For hikers and backpackers, the Joyce Kilmer Slickrock Wilderness presents a variety of recreational hiking opportunities. There is a relatively easy two-mile long Memorial Loop Trail in the Memorial Forest, which annually greets more than 35,000 visitors, or there is a complex of hiking trails that cater to more experienced hikers, such as the 13.3 mile long Slickrock Creek Trail, considered as one of the ten toughest trails in the United States. With a 3,700 foot climb overall and 13 stream crossings, this trail is seldom completely traversed, but used in conjunction with the other trails in the Wilderness to provide excellent backpacking trips.
Other than at trailheads, camping is allowed anywhere within the Wilderness using Leave No Trace principles, but given the steepness of the topography, there are a few relatively heavily used back country camping areas. Many fishermen enter the Wilderness from the north using the Slickrock Creek Trail, Ike Branch Trail or hike down to the creek from Big Fat Gap, camping along the creek. Backpackers use the area at Naked Ground on the southern ridge, and there is an area near the Hangover that offers excellent views, but an unreliable water source. Nichols Cove area has good camping spots with abundant water, and some hikers camp near Wildcat Falls, but long sections of the various trails lack suitable spots for camping.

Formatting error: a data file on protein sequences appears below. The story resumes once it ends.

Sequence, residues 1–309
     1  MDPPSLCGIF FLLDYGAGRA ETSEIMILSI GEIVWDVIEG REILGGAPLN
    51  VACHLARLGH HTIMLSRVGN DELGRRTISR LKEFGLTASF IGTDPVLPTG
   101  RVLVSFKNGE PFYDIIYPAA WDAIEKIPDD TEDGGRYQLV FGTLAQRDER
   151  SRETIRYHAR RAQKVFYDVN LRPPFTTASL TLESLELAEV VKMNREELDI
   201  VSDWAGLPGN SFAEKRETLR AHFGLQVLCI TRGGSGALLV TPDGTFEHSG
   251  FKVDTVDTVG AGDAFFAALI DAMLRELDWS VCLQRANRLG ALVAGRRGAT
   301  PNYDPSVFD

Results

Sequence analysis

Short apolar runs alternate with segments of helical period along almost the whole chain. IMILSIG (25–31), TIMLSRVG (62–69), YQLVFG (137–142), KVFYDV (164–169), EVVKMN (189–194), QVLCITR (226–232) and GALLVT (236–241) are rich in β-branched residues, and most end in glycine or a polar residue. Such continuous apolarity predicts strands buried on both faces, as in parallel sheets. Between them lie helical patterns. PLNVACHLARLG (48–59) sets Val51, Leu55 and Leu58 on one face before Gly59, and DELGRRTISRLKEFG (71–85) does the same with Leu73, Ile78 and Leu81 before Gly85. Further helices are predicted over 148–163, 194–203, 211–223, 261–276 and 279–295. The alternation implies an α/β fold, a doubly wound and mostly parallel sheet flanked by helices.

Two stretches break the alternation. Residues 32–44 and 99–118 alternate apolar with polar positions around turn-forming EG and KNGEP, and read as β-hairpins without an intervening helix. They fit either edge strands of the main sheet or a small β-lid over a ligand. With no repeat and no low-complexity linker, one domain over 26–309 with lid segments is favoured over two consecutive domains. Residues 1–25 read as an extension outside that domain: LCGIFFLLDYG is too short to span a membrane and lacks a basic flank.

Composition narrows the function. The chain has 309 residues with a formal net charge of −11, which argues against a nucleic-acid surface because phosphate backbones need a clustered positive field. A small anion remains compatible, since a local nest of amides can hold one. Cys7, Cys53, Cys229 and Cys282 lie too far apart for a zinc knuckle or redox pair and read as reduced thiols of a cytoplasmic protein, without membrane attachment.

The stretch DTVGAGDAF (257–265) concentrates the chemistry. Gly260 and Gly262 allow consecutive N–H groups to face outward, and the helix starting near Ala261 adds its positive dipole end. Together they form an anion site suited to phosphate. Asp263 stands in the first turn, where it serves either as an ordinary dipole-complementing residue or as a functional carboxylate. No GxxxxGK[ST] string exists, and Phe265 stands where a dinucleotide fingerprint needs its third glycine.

As a designated Wilderness, there are no trail blazes, just signs at trail junctions, so it is essential that hikers carry maps and compass, and know how to use them. It is not uncommon for very experienced hikers to get “confused” for a while in the creek area due to the multiplicity of real trails, unofficial trails, old logging trails, etc. Along the ridge, the trails are well-defined, but physically demanding.
Cheoah Ranger District
District Ranger, Angela Gee
1070 Massey Branch Road
Robbinsville, NC 28771